A shake-out is coming. For translators unwilling or unable to train up, times will get tougher.
Many of these new arrivals will not stay the course in translation, but they are likely to drive mid-market prices down even further for a while. Their distinct advantage is that most of them will have far stronger professional networks in client territory than the average translator.
So sitting tight is no longer an option. If you’re somewhere in the middle, and want to remain an independent professional translator, you’ll have to move upmarket to survive and flourish.
Moving upmarket means upgrading your skills. You’ll also need to study how client industries are structured. Yes, it’s a long-term commitment. And no, there is no guarantee of success. But if the crunch has arrived on your street, or if you’ve just completed your studies and are despairing at the offers you’re getting, is there really any choice? Moving from translation into another language-related career is one option. But if you’ve got the skills it’s nowhere near as attractive as finding your niche upmarket.
So how are you going to meet these high-end clients? Not, in all likelihood, at ‘traditional’ translation industry watering holes. And they don’t respond well to the marketing tips used by translators pitching to mid-market and bulk buyers either.
(Their pricing is different, sometimes very different; while no one throws cash out the window, coming in too low can disqualify a potential supplier.) Most of all, the translationese that many translators have unwittingly slipped into is not acceptable here: demanding buyers can get that cheaply from run-of-the- mill suppliers.
You’ll also need to work with them. Ditch the wilful eccentricity: rants and swagger cut no ice with premium clients. Be accessible, easy to work with, and expert at the job. Leave agency/direct client squabbles at the door. They are, quite simply, not relevant. But regardless of the structure you choose, you’ll need direct access to text owners or users for clarification and fine-tuning. Good agencies are aware of this and build such interaction into their procedures. Oral fluency is a plus, and sometimes make-or-break.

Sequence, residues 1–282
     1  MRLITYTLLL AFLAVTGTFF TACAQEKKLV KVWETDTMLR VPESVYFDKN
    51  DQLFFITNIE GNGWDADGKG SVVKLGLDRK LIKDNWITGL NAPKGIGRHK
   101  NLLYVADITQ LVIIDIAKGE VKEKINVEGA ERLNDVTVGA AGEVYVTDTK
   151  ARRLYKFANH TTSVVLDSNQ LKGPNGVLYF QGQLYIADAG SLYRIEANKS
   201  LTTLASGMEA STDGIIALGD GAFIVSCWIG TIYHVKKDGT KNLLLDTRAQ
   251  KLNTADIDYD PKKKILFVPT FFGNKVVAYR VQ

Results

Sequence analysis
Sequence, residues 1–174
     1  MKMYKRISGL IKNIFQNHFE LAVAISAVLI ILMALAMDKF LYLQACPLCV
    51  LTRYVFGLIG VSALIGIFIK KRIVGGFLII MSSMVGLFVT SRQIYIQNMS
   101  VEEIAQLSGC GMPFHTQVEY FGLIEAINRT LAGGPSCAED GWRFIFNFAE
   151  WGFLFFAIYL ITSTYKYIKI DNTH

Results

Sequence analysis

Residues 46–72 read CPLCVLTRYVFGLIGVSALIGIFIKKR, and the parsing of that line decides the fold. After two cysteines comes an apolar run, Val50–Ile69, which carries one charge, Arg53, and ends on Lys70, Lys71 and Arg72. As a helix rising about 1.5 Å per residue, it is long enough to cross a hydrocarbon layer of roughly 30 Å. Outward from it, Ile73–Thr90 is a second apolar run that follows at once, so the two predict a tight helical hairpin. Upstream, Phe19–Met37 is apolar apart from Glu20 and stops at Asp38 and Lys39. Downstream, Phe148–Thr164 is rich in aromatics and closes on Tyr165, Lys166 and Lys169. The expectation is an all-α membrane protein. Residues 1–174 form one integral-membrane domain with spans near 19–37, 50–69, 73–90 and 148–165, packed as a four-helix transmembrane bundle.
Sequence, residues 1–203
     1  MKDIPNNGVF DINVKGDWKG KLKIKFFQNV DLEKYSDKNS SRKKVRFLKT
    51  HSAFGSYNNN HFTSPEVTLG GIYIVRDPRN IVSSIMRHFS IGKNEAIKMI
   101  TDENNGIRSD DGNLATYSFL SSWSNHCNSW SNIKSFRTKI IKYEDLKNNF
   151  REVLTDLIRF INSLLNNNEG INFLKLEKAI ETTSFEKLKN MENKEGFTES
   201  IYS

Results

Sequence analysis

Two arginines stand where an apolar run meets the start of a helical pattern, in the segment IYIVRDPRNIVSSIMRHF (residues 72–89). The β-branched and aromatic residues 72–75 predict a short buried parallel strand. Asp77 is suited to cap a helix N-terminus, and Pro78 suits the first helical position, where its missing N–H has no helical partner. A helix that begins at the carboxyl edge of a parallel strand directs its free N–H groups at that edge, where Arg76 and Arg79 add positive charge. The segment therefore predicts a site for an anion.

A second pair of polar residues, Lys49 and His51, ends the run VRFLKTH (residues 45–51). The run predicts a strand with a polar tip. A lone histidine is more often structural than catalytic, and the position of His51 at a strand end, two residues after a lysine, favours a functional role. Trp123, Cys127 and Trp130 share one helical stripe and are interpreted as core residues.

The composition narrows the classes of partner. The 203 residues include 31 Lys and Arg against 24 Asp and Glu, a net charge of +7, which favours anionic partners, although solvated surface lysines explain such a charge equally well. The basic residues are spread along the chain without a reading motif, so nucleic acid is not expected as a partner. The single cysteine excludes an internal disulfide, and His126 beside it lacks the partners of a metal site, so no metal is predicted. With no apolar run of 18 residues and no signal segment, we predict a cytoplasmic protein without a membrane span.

It’s easier to connect if you genuinely like and respect your client, who will ideally be very good at what they do, even if they don’t know much about languages. That’s where you come in. Premium clients set a high bar. They do not suffer silliness, self-importance or hit-and- miss. You will have to work extremely hard. You’ll also work more slowly (250 wph) and price accordingly. You’ll need to get out into your clients’ worlds and heads, not just once but again and again and again. Identifying targets takes a major investment up front, so read, read, read. Making contact works best from the inside, so infiltrate. Successful docking requires persistence, so hang in there. And remember that the higher the risk, the higher the reward.
Premium clients are looking for effective communication. And that is the kind that skilled human translators can deliver.
'There is indeed a premium market, probably quite substantial in size, even though it is hard to discern for those whose primary focus is the bulk localisation market. This market has different professionalism and expertise requirements and has a mostly different business model.' Kirti Vashee
'Yes, the bulk market is bigger. That's why it's called the BULK market. The bulk translators are also there, playing a largely passive game of watching to see what is thrown over the fence to them.' Kevin Hendzel on complaints that high-end markets are 'small'
'At the beginning of my career, I always felt nervous when a client called or when a business lunch loomed. But those phone calls and lunches really are door openers. You get to chat with your client, get to know them better and show compassion.' Lisa Rüth of Ralf Lemster Financial Translations GmbH
This article first appeared in the November-December edition of the ITI Bulletin
About the writer
Chris Durban is a freelance translator based in Paris, specialising in finance and business. She translates from French into English for SMEs, corporations, market operators and public authorities in France and other countries, and enjoys it immensely. Chris has written client education materials and advice for translators, and is an instructor on the‘Translate in…’series of workshops for translators looking to raise the bar.
A co-organiser of the SFT’s biennial UETF (summer school for financial translators), she is a long- time member and former president of SFT, a fellow of ITI, and a popular speaker at translator events in Europe and elsewhere.